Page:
The SNMP Read-Only Community String is like a user id or password that is sent along with each SNMP Get-Request and allows (or denies) access to a router's or other device's statistics. If the community string is correct, the device responds with the requested information. If the community string is incorrect, the device simply ignores the request and does not respond.

Most network vendors ship their equipment with a default password of "public". (This is the so-called "default public community string".) Many network administrators change the community string to keep intruders from getting information about the network setup. This is a good idea. Even if it's only read-access, an intruder can learn a lot about a network that could be used to compromise it.

If there's a "read-only community string", you might also expect to have one that would allow you to write to the device. There is, and it's called a "read-write community string". There is also a SNMP Set-Request, sent to set a certain SNMP MIB object (OID) to a specified value. The read-write community string protects the device against unauthorized changes. (The read-write community string should never be set to 'public'!). Many SNMP-speaking devices also have IP address filters that ignore requests (read and write) unless the source address is on an access list.

There's also a SNMP Trap, which is an unsolicited message from a device to an SNMP console (such as Intermapper) that the device is in an interesting or unusual state. Traps might indicate power-up or link-up/down conditions, temperatures exceeding certain thresholds, or high traffic, for example. Traps provide an immediate notification for an event that might otherwise be discovered only during occasional polling.

What Are SNMP Versions?

Intermapper can retrieve data from devices using SNMP version 1, version 2c, or version 3. Each of these can access the same SNMP information, but through different means:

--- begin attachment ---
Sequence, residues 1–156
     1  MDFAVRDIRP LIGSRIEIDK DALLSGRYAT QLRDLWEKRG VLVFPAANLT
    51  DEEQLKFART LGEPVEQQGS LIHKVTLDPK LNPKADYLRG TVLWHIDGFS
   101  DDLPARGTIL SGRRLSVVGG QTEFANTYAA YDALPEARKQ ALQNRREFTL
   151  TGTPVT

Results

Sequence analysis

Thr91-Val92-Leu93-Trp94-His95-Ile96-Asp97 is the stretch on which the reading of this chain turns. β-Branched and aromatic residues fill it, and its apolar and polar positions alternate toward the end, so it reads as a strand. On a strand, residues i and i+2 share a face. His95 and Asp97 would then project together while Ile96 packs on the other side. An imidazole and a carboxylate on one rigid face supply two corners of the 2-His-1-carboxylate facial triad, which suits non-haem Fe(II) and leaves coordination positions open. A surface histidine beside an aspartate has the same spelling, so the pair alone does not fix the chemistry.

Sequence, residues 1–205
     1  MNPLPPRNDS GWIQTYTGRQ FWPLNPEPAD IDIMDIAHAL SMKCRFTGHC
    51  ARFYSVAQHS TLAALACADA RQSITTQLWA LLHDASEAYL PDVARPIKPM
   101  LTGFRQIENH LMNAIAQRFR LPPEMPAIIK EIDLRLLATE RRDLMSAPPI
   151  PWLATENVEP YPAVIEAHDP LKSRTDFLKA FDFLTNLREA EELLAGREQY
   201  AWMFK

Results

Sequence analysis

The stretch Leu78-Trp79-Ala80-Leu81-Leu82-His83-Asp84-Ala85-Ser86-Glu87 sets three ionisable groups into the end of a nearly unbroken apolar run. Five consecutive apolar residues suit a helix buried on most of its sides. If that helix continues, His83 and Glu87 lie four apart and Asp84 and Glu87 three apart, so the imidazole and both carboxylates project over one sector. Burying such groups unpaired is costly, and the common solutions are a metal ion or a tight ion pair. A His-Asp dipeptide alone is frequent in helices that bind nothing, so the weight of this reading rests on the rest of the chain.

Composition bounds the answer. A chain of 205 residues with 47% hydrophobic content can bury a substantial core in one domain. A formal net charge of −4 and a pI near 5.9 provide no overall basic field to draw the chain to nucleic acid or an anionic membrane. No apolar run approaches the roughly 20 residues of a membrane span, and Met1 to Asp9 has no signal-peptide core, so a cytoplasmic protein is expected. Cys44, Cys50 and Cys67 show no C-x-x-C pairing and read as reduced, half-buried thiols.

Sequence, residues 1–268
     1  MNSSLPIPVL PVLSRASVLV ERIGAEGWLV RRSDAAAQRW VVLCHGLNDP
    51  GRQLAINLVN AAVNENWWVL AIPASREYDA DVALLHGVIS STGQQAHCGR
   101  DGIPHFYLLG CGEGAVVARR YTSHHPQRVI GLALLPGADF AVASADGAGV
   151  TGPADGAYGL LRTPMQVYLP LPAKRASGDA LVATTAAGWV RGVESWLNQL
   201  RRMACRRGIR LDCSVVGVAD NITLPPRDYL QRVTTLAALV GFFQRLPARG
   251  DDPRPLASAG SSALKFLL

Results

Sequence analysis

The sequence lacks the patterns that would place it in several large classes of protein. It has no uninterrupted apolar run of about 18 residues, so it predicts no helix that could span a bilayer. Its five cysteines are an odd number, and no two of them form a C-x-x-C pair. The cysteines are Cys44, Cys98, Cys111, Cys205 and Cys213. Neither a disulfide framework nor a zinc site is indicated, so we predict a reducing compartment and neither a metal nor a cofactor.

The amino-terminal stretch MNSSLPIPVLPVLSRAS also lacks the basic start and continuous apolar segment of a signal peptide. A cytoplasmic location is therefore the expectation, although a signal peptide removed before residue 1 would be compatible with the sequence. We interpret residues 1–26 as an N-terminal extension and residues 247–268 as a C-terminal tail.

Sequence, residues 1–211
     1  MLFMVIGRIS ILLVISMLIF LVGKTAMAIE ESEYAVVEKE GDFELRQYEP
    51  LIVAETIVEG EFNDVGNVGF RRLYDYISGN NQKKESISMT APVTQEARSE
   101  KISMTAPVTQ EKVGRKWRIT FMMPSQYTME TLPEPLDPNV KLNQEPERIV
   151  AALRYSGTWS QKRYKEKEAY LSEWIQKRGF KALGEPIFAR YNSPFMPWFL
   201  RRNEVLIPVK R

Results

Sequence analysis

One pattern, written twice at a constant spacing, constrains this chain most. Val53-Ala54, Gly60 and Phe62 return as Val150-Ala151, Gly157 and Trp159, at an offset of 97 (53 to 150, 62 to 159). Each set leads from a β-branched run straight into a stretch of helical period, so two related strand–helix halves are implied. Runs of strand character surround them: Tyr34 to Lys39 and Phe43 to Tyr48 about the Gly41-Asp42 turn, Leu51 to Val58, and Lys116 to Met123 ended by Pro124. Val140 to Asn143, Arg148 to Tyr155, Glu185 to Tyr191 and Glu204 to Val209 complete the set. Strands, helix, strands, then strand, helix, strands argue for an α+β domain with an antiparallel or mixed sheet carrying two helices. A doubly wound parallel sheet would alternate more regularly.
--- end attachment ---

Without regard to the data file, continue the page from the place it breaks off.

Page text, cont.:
• SNMPv1 was the original version, and provided a simple means for retrieving data. Security was provided through community strings that acted like a password to allow or deny access to the information. The Read-Only community string gave permission to the requester to read data; the Read-Write community string gave permission to modify data. All data transmissions (including the community string) were sent "in the clear", that is, unencrypted.
  • SNMPv2c provided additional, more efficient methods to request data, and added new data types (such as 64-bit counters) so that the monitoring system could get more accurate data. SNMPv2c is like SNMPv1 in that it uses the same community string system, and transmits data in the clear.
  • SNMPv3 provides the same data retrieval facilities as SNMPv2c, with additional security. There is a secure method of providing authentication information (so the device knows whether to respond to the query or not), as well as a privacy function that encrypts the entire transmission so that eavesdroppers cannot discern the data.

Community String Types

There are actually three community strings for SNMPv1-v2c-speaking devices:

  • SNMP Read-only community string - enables a remote device to retrieve "read-only" information from a device. Intermapper uses this information from devices on its maps.
  • SNMP Read-Write community string - used in requests for information from a device and to modify settings on that device. Intermapper does not use the read-write community string, since it never attempts to modify any settings on its devices.
  • SNMP Trap community string - included when a device sends SNMP Traps to Intermapper. Intermapper accepts any SNMP Trap community string.

By convention, most SNMPv1-v2c equipment ships from the factory with a read-only community string set to "public". It is standard practice for network managers to change all the community strings so that outsiders cannot see information about the internal network. (In addition, network managers may employ firewalls to block any SNMP traffic to ports 161 and 162 on the internal network.)


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Last Modified On: October 09, 2018